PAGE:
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Campus News : March 2013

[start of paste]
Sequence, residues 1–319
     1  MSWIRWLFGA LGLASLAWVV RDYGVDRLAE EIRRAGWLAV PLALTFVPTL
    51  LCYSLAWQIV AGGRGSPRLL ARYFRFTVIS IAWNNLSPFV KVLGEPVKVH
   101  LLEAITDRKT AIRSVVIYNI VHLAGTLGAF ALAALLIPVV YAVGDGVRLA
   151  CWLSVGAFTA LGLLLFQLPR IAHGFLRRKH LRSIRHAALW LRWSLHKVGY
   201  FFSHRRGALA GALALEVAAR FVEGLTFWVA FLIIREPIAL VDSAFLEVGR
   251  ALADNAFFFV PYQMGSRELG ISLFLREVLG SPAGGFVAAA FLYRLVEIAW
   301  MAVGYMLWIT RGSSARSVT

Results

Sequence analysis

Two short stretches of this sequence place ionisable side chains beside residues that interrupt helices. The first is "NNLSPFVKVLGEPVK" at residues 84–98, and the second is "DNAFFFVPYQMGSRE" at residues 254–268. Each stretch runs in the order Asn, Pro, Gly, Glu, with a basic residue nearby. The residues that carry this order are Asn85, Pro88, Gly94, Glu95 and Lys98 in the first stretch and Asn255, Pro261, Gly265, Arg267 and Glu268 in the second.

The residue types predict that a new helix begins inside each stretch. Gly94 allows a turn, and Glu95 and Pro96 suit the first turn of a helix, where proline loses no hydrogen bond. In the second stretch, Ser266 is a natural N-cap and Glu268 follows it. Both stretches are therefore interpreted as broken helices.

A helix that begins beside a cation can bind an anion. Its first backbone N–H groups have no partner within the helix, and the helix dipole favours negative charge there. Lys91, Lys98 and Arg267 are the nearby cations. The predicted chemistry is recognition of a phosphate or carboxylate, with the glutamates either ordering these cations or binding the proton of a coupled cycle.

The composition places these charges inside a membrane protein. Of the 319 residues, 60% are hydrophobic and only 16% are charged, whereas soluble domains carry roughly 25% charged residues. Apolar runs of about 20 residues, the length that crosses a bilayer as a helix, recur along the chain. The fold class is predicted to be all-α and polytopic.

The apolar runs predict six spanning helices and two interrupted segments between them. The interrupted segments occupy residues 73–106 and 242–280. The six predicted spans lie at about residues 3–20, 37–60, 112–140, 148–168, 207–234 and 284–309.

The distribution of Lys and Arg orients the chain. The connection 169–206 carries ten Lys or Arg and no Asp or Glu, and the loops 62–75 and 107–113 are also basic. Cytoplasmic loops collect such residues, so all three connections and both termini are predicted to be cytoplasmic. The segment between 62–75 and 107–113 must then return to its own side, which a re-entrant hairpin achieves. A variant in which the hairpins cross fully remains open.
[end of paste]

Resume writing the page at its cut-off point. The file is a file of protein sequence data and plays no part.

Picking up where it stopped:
E MARCH 2013 CONNECT: UOW 11 CONNECT: IN MEMORIAM UOW Vice-Chancellor Professor Paul Wellings said: "Bert's work has influenced generations of artists. He was not only an artist of the highest calibre but also a highly regarded teacher who was unstinting with his practical help, guidance and inspiration to students. The University is truly indebted to the legacy of this great artist. Our thoughts are with his family, friends and colleagues at this time." Emeritus Professor Diana Wood Conroy spoke on behalf of UOW at Dr Flugelman's funeral, where Federal School Education, Early Childhood and Youth Minister Peter Garrett gave the eulogy. Dr Flugelman is survived by his wife Rosemary, his children Kim, Kerry, Kay and Eli, six grandchildren and three great-grandchildren. NH PROFESSOR JOHN HOGG OAM meritus Professor John Hogg had mixed emotions when he watched the first cohort of medical students graduate in 2010 from the course he helped establish. As Foundation Dean of UOW's Graduate School of Medicine (GSM), he understandably felt great pride in watching those graduates receive their degrees and head out into the world to begin their medical careers. He later recounted that he also had felt profoundly grateful that the University had enlisted his help to start the medical school. Many at the University thought it should have been the other way around. After all, the University, and the medical students, owed John Hogg a huge debt of gratitude because without him the school may never have gone from vision to reality. Yet Professor Hogg saw it very differently. When I interviewed him for the UOW's 60th anniversary history book, he said that first graduation ceremony in 2010 was a wonderful affirmation of his decision to leave his surgical career in favour of the GSM. "What an opportunity I was given! How many doctors are lucky enough to be given the chance to help start a medical school from scratch," he said. "I felt an enormous sense of pride and achievement seeing those first students graduating. Some of them were sons and daughters of Wollongong medicos ... my friends and colleagues." Professor Hogg, a renowned vascular and general surgeon before he joined UOW, died on 1 March after a short illness. The University Council at its February meeting had agreed to confer an Honorary Doctorate on Professor Hogg to acknowledge his contribution, and this will now be presented posthumously. Dr Bert Flugelman, with his Wave -- Gateway to Mt Keira sculpture in 1986. It has become a campus landmark. Professor Hogg had joined UOW in 2004 as Foundation Dean of the GSM, working closely with Professors Don Iverson and Lori Lockyer to develop the school's innovative curriculum and unique community-based model. At the time he was clinical director of surgery at Wollongong, Shellharbour and Bulli hospitals and chair of the Medical Staff Council of the Northern Illawarra Hospitals Group. In a tribute to his friend and former colleague Professor Iverson, UOW's Pro Vice-Chancellor (Health), said: "The Medical School wouldn't have happened without John Hogg. He gave up his career as a successful surgeon to join us and help push for a medical school." "John gave us credibility with the local medical fraternity. We were asking a lot of him -- a successful practising surgeon -- to virtually give up his career. But he agreed, and he instantly gave the project credibility," Professor Iverson said. "John delivered the support of the region's medical specialists, and he and (Illawarra Division of General Practice CEO) Dr Andrew Dalley delivered the general practice doctors. And John drove around the state telling doctors about our vision for training rural doctors, and recruiting them to our clinical training program. John gave up his career as a surgeon, but he created a wonderful legacy because without him we would never have been in a position to even seek Australian Medical Council accreditation and so the medical school wouldn't exist." Professor Hogg and wife Linda, a physiotherapist, were in Bali at the time of the 2002 terrorist bombings and chose to abandon their holiday and reported to the local hospital to help treat the horrific injuries of the blast victims. For their work in Bali both were awarded Order of Australia Medals, while Professor Hogg was also named Wollongong Citizen of the Year in January 2003. Professor Hogg is survived by Linda, children Genevieve, Sophie, James and Katie and his grandchildren. NH A memorial service for Professor Hogg will be held in the University Hall on Saturday, 6 April at 2pm. Please email firstname.lastname@example.org if you would like to attend. Emeritus Professor John Hogg (right) with his close friend and medical colleague, UOW Deputy Chancellor Dr Stephen Andersen, pictured at a tribute dinner for Professor Hogg when he retired from the University in 2008.